Do you know the biggest challenge and pitfalls in your relationships, when you change?
Before we get to that, falling in love is one of the most joyous experiences in your life. But even when you find the right person, having a long-lasting love is not usually effortless. It also doesn’t have to be an endlessly laborious process that can be filled with more struggle than pleasure in your life. Sometimes we just have to accept that relationships may seem complicated because there are two people with separate life experiences from different pasts and sets of emotional baggage. Coming together in an intimate relationship, over time, is not likely be all smooth sailing.
When the going gets tough, you may often wonder and reflect on how to change things… Have you had the thought, “If only they would change?” or “When are they going to just get it and change?” A lot of people get caught in the trap of expecting the other person to change first. The reality is that while this may be the end result you want, what you can control is changing yourself. This is what I am going to be sharing today…
“Change is inevitable. Growth is intentional.”~Glenda Cloud
This quote pretty much is applicable in all our relationships. Changing yourself is more often than not, good for a relationship. In fact I am going to suggest, it is utterly necessary. The question then becomes, ‘What do I need to change?’ What often needs to change is how you see yourself in this world and how you interact with your partner. The next pitfall is trying to change to much too quickly. As one of my mentors said. “It is the smallest changes that have the biggest impact”. So begin by looking for only one or two areas to start working on.
Here are some of the areas in your life that you might want to examine and start changing:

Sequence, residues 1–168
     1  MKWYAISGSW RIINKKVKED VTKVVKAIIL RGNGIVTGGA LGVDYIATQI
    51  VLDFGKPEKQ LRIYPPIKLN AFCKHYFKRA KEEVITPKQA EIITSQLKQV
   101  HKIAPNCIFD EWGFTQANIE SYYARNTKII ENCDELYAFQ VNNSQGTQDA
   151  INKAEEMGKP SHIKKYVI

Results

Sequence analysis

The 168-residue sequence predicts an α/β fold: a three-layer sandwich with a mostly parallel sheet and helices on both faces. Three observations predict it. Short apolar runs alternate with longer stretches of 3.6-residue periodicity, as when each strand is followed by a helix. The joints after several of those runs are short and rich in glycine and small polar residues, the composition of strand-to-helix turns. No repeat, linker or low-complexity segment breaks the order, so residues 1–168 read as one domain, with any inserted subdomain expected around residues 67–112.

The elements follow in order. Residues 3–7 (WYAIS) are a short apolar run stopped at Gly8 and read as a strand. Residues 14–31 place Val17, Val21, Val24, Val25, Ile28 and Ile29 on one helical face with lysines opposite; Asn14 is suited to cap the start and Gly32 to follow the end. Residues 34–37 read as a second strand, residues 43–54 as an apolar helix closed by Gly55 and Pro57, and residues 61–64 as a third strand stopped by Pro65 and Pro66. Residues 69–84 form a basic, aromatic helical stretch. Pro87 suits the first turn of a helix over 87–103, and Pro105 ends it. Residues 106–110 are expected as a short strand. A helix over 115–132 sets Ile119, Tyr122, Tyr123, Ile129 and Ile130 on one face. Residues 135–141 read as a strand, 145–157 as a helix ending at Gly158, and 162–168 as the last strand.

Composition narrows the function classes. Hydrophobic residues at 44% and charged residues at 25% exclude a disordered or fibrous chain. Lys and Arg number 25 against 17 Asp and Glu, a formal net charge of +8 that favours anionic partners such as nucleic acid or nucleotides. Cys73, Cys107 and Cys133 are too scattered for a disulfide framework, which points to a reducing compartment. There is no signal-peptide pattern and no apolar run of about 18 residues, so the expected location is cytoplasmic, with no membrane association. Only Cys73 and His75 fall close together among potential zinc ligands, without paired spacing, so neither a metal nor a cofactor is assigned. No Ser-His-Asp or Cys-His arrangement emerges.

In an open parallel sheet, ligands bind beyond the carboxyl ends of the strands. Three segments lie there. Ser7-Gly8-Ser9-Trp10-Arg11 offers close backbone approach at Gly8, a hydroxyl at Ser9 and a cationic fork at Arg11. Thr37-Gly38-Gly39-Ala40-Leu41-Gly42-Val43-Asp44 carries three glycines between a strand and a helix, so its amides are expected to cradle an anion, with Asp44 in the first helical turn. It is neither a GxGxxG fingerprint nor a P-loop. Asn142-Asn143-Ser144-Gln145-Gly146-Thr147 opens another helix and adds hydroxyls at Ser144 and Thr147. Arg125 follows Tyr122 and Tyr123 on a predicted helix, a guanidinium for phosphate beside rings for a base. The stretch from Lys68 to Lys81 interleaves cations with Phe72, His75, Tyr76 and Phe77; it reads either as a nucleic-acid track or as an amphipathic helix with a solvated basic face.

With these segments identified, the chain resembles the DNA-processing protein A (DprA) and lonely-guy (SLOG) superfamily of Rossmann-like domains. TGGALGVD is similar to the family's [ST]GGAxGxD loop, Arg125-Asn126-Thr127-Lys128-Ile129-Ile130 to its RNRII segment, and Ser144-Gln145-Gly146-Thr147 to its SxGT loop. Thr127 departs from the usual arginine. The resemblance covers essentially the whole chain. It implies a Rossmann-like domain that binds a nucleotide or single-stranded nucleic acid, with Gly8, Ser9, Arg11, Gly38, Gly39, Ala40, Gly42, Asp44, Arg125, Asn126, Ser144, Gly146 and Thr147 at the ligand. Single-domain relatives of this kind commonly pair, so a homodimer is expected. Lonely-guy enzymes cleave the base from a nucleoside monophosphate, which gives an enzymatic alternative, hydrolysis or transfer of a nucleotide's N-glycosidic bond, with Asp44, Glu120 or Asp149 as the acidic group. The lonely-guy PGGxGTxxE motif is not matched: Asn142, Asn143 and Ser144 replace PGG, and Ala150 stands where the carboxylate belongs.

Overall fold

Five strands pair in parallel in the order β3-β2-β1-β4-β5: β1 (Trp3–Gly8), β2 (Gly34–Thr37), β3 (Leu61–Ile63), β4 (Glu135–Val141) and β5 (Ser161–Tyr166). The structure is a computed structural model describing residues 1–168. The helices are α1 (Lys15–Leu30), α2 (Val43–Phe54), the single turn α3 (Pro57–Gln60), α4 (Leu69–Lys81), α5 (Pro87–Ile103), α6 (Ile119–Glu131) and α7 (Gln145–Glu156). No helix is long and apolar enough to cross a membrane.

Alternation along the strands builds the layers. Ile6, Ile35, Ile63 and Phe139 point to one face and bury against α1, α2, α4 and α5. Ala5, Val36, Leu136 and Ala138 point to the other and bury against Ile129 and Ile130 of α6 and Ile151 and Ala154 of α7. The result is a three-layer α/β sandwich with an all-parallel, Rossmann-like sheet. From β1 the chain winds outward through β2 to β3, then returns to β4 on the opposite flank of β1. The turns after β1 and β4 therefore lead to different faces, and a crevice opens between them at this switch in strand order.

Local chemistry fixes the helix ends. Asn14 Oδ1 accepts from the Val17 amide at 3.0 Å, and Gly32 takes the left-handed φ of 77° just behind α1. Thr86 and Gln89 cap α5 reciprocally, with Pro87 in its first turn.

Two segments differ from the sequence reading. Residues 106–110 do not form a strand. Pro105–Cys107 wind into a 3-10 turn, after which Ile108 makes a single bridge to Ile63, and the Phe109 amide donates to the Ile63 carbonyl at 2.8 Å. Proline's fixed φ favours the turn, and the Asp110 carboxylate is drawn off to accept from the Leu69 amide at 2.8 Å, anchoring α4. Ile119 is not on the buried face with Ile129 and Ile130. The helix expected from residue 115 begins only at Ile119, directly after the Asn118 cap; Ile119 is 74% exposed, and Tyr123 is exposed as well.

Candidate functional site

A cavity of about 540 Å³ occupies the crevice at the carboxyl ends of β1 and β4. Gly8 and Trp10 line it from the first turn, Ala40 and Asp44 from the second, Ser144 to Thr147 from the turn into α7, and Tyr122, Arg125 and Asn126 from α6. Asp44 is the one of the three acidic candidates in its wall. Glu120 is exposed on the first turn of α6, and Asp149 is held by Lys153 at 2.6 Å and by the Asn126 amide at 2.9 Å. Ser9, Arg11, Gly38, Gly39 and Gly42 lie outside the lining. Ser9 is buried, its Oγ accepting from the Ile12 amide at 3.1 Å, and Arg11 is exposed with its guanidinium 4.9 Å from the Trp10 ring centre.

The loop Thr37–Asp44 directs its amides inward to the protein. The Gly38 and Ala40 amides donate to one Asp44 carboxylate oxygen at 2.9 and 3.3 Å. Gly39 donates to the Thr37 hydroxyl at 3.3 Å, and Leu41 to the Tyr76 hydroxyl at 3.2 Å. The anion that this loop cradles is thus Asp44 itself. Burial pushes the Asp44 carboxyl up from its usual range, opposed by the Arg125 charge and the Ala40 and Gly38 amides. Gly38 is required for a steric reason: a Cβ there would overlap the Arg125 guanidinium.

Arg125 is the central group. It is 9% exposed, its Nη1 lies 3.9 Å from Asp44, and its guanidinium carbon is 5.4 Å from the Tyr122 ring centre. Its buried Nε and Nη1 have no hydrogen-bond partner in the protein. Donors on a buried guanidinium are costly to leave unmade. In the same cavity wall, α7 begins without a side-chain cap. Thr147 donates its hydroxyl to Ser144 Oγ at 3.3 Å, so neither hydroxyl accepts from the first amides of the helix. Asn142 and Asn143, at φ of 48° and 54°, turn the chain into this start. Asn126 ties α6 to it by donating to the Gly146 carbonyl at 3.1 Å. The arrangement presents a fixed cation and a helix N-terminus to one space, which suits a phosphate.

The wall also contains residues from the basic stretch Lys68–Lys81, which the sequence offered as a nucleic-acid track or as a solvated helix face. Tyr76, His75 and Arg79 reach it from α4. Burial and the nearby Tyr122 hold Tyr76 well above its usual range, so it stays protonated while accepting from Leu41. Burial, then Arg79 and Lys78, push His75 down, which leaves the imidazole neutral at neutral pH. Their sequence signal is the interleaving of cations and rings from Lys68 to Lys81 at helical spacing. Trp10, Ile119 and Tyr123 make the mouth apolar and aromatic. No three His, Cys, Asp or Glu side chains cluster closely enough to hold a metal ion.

- Throughout your journey as a couple, you may often have unspoken resentments you don’t express at the time. These will build up along the way. These, if not dealt with properly, will most likely turn into a blow up at some stage. Being aware of your feelings and emotions and recognizing them first hand is a great way for us to stop having resentments. The pitfall here is that for whatever reason, you are allowing these resentments to build up inside of you. Can you see you can be creating our own time bomb? Acknowledging the tiny hurts and voicing them to yourself is a start. Being able to safely express them to your partner at the time is your end goal.
- You may view ‘compromise’ as a key factor to make a relationship work. This is what many of us have been taught. It would be unlikely that someone will conform exactly to the life you built when you were still single. You have to learn to adjust and accept each other’s ways. Refusing to do so and wanting them to change for you instead might not be effective. The pitfall here is that if you have to give up something you really value, the compromise is likely to add to resentments. So check into the areas in your life that you feel you are compromising and creating resentments.
A better way to approach differences is to really understand the real needs of each person and then work out the best ways to get each other’s needs met.